Using up-to-date compensation information across a broad range of industries, they work with management and HR to define performance metrics, develop a plan design, and model outcomes under various scenarios. Management then makes a recommendation to the board.

A key consideration for the board is the affordability of the plan. To assess this, directors need to know what it will cost under various scenarios, and how the plan will contribute to achieving the organization’s goals.

Questions about plan design:

  • How confident are we in the methods used to develop the executive compensation plan?
  • Do our metrics capture the performance that pay should be linked to?
  • What’s the range of potential payouts under the incentive structure? Are they all reasonable?
  • How will we ensure appropriate board oversight of the executive compensation plan?
  • Are we comfortable with the ratio of CEO/executive pay to the rest of the workforce?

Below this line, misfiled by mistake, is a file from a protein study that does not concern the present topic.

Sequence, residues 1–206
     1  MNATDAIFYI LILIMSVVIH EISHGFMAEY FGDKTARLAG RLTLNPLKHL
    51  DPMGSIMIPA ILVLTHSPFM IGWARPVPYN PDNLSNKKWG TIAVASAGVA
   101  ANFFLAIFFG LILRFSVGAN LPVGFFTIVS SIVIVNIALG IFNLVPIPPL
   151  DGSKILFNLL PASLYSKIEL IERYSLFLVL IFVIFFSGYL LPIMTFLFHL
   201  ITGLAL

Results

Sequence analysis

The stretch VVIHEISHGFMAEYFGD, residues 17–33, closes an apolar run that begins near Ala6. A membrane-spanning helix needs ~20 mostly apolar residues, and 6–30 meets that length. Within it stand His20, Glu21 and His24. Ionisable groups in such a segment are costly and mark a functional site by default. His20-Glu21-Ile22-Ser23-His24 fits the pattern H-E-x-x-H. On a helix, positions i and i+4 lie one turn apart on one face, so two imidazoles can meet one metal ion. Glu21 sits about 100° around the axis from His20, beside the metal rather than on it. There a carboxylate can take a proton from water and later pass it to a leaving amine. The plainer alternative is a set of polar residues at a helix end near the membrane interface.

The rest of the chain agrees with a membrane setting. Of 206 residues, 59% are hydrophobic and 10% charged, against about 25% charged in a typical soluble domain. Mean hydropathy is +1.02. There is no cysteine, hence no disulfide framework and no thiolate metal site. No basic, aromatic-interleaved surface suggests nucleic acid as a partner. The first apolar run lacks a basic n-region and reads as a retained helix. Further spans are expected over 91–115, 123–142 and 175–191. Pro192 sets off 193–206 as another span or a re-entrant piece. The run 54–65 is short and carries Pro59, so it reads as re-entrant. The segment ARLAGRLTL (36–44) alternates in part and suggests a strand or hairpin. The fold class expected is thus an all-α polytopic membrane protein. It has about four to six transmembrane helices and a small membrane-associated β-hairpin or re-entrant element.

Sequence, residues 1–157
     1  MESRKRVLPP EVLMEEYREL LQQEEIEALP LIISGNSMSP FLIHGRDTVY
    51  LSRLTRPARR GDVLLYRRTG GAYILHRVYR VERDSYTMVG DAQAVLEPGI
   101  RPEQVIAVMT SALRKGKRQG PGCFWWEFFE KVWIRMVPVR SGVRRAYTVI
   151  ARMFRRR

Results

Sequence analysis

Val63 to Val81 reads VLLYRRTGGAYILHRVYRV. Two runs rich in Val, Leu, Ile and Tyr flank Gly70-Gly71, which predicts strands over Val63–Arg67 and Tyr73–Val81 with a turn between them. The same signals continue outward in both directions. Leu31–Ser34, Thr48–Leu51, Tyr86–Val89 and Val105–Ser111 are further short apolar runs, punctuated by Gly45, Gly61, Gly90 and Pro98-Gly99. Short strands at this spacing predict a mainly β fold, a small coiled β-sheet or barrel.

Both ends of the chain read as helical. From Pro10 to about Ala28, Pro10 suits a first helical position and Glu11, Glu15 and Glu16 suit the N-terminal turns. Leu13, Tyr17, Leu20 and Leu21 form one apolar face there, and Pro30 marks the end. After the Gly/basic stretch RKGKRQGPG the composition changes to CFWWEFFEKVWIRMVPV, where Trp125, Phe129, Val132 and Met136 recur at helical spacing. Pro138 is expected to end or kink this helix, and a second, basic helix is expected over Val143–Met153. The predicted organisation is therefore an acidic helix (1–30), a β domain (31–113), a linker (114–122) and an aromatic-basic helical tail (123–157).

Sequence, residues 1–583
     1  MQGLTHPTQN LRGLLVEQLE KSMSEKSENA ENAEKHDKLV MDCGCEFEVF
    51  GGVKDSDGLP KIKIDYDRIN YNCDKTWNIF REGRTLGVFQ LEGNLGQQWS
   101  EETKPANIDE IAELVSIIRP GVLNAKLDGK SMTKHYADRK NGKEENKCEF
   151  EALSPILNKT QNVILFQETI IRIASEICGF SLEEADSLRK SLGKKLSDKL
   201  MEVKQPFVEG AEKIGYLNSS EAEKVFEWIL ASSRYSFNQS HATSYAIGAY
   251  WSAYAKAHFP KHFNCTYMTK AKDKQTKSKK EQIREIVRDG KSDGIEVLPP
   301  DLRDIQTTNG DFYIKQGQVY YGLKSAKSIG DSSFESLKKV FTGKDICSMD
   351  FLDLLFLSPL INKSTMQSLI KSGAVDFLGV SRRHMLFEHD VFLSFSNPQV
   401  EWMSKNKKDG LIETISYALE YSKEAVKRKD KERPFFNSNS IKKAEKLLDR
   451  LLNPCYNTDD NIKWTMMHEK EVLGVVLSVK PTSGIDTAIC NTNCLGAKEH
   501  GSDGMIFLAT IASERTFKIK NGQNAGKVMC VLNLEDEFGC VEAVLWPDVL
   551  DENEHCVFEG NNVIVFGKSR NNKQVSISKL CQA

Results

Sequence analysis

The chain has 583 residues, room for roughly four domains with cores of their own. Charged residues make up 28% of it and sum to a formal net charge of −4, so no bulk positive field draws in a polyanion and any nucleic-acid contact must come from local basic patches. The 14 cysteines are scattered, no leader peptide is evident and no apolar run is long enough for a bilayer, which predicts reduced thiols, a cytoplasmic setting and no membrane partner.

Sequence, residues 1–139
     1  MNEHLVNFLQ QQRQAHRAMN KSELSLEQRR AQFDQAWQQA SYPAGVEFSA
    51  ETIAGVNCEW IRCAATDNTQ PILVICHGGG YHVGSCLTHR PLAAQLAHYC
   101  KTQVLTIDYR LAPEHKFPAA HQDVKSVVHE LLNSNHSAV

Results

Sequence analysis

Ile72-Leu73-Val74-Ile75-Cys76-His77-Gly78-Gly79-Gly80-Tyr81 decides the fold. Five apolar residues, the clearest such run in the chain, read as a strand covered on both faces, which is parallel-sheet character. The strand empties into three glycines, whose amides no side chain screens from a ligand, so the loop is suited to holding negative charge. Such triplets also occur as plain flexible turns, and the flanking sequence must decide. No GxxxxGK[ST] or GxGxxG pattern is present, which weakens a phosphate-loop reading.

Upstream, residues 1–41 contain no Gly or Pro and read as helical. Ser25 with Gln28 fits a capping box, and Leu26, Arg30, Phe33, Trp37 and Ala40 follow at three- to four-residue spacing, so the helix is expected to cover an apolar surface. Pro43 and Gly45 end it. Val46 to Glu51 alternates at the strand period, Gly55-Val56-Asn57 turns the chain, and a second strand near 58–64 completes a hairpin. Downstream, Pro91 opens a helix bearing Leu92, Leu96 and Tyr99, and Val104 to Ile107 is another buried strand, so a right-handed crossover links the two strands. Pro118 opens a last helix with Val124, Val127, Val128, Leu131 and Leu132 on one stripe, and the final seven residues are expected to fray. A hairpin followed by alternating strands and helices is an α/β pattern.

• Does the plan reflect principles of racial and gender equity?


Do We Have the Right Balance?

The components of compensation plans vary considerably among organizations. Within an organization, there can be structural variations depending on individual roles and levels in the hierarchy, so it’s quite common for an executive compensation plan to differ from other employees, and for the CEO’s plan to differ from the rest of the executive team.

In general, compensation plans consist of some combination of the following components:

  • Base salary.
  • Bonuses, typically cash incentives based on annual goals.
  • Long-term incentives, often in the form of equity.
  • Benefits, including life and health insurance, pensions, paid vacation, etc.
  • Company-sponsored savings or investment plans.
  • Perquisites (“perks”), such as professional development, company cars, business cell phones, use of corporate properties, etc.

There’s no perfect plan design that combines these components in the exact right way. What works best for one organization, or one group of employees, might not work at all for another, or it might work right now but not in the future.